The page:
Thanks to FreedyJay for the suggestion, and to Comic Foundry, S. Scott Fernandez and Marv Wolfman for the information!!

Okay, that’s it for this week!

Feel free to drop off any urban legends you’d like to see featured!

84 Comments

Soooo…you’ve covered ‘Days of Future Past’ and ‘Day of the Daleks’. What about FF #241 and ‘The Three Doctors’, FF #252 and ‘Death to the Daleks’, and FF #254 and ‘The Krotons’?

Just, y’know, curious.

Other than depositions, has Ellison written anything in the last 25 years?

Yeah. That book explaining how they ruthlessly – ruthlessly, I tell you – made him cut all the good parts out of the City on the Edge of Forever script.

“Other than depositions, has Ellison written anything in the last 25 years?”

Good one!

Don’t forget about the issue of Power Man / Iron Fist which featured Dr. Who (Tom Baker) and the Daleks.

Is that Fernandez peice about the Teen Titans online somewhere?

Ellison has written some (excellent, IMHO) short stories over the last decade or so. I used to have some of the collections, although I don’t know where they were originally printed.

Does anyone know anything about Byrne’s apparantly failed attempts at being a novelist? I’ve read both Fearbook and Whipping Boy and don’t understand why he never wrote any other novels. (Or, did he and I just haven’t seen them?)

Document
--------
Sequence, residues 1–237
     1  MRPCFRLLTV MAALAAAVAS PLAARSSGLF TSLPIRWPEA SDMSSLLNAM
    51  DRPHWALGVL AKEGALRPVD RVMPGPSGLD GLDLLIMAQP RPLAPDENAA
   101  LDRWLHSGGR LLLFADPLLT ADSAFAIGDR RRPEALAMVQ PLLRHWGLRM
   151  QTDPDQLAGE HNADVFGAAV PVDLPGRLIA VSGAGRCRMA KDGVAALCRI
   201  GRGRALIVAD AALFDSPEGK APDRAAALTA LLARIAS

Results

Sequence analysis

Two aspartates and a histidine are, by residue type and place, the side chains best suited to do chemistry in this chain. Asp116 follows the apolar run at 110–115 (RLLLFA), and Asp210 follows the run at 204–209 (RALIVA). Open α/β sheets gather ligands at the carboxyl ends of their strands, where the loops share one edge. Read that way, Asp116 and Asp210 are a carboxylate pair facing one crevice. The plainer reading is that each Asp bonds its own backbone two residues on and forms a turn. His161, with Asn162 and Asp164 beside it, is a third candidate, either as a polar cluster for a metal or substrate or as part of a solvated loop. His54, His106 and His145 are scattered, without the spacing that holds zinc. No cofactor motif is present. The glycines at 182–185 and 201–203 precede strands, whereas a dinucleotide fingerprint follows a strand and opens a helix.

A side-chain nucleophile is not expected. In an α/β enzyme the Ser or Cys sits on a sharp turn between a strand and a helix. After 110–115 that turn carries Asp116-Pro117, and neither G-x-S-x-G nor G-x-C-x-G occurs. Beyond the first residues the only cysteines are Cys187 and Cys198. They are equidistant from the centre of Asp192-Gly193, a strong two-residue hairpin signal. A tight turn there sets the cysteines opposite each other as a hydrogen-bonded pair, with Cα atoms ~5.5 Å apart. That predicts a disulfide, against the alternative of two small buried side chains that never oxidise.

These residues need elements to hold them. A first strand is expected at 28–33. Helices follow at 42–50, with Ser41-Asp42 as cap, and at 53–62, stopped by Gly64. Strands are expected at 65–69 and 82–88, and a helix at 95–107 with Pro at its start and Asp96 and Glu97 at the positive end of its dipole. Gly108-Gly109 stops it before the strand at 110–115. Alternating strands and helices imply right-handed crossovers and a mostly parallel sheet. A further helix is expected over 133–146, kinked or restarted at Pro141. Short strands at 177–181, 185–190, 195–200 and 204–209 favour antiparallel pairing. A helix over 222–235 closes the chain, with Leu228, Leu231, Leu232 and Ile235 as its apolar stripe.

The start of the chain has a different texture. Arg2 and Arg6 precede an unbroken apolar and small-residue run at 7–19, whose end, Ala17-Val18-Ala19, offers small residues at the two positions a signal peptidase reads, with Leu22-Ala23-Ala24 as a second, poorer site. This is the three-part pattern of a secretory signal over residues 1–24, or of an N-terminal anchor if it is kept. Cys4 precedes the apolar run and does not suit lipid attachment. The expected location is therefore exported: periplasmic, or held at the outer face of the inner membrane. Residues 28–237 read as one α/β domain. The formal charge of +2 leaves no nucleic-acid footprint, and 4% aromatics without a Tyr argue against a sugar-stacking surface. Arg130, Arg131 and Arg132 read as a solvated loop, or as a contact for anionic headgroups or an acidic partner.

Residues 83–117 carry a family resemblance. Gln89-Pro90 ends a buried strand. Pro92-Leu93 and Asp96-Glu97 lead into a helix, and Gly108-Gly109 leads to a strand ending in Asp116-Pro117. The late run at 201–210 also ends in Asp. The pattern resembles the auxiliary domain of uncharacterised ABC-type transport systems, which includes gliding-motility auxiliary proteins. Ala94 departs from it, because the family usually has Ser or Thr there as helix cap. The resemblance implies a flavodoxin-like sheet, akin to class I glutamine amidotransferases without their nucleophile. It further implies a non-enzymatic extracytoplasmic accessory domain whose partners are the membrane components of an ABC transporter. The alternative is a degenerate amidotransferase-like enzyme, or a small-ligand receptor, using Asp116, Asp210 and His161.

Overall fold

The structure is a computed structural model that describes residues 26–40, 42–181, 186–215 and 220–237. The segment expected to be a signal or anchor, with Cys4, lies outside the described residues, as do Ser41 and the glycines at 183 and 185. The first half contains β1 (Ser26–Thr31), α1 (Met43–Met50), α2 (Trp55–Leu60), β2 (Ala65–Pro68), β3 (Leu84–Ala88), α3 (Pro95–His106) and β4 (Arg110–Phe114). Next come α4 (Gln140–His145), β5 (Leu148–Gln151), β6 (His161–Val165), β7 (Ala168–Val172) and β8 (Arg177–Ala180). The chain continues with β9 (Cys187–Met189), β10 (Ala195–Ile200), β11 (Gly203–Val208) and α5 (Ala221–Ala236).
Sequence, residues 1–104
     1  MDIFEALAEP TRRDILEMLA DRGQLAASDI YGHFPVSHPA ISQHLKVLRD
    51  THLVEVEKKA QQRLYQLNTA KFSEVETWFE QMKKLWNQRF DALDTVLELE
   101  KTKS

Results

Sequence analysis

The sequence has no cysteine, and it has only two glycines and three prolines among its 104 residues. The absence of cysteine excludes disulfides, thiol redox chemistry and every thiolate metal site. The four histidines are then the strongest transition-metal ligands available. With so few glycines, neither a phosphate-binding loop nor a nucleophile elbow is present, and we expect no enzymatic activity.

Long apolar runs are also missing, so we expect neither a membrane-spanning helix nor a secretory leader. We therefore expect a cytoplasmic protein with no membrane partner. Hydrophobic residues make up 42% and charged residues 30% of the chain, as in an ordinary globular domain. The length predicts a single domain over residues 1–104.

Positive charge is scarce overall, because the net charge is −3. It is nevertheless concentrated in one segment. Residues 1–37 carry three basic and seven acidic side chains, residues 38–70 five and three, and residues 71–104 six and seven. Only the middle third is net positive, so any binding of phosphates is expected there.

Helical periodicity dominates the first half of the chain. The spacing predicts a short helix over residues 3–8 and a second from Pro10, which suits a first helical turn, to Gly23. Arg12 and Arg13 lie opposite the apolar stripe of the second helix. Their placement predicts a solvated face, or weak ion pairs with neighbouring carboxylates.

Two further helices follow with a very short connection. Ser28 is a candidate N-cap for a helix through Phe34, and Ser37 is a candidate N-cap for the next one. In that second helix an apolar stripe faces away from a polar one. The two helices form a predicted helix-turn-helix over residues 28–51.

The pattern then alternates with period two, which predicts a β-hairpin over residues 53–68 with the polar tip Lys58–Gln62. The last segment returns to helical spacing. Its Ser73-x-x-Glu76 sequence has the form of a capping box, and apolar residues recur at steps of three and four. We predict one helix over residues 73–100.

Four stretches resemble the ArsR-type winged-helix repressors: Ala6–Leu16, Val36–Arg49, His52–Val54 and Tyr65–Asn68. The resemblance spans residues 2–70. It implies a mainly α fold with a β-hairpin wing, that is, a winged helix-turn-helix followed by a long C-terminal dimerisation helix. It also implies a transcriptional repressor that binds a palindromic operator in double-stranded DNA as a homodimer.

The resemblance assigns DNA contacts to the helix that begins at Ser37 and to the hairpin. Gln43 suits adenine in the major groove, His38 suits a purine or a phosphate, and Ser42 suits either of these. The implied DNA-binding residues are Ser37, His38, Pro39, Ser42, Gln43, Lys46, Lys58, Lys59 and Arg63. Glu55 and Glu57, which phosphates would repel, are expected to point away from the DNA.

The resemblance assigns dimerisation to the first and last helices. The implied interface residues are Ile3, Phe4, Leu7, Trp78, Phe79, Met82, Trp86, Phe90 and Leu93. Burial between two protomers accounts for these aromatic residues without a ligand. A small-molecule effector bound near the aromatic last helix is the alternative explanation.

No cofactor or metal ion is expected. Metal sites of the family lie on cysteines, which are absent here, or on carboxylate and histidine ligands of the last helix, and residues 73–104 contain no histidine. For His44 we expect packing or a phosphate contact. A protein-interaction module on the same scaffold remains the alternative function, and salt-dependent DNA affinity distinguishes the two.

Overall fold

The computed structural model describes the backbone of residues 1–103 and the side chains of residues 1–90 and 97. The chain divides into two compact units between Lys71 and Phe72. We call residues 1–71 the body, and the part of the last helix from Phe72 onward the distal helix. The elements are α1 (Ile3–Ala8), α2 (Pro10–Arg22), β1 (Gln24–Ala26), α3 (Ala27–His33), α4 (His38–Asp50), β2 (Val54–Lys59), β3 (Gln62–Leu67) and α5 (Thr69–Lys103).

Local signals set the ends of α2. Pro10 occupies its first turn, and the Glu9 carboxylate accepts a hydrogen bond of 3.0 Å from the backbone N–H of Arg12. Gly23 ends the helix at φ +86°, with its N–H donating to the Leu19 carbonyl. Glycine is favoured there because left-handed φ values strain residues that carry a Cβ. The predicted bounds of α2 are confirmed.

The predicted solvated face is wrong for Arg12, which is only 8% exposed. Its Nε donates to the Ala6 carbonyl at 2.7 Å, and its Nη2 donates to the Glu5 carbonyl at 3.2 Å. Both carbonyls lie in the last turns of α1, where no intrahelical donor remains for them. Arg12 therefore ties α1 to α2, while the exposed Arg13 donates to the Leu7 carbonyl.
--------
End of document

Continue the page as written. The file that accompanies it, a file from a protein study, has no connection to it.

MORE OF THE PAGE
Theno

Yeah, Ellison’s “Let’s sue everyone who might possibly say anything bad about me in the future” attitude is pretty low class, but he’s still doin’ good work.

Harlan Ellison sued someone? I’m shocked, very shocked, and I just found out there was gambling in Rick’s Cafe!

As for Ellison’s writings I think he is still working on the Last Dangerous Visions. He has lust been concentrating on this for 30 years, so short stories, and lawsuits are all he has time for these days.

Bobb

Byrne wrote a short story for an anthology titled “Hotter Blood: More Tales of Erotic Horror,” published in 1991 (the book also includes contributions from Kurt Busiek and Grant Morrison, interestingly enough).

Soooo…you’ve covered ‘Days of Future Past’ and ‘Day of the Daleks’. What about FF #241 and ‘The Three Doctors’, FF #252 and ‘Death to the Daleks’, and FF #254 and ‘The Krotons’?

Hmmmm… as a long-time Doctor Who fan, this is pretty interesting. Parallels between Day of the Daleks and Days of Future Past never occurred to me previously. Probably because I actually saw The Terminator before I ever watched Day of the Daleks or read Days of Future Past. So by the time I did see & read those two earlier works, the concept of taveling back in time to change events in a dystopian, post-apocalyptic future just seemed like a popular sci-fi trope.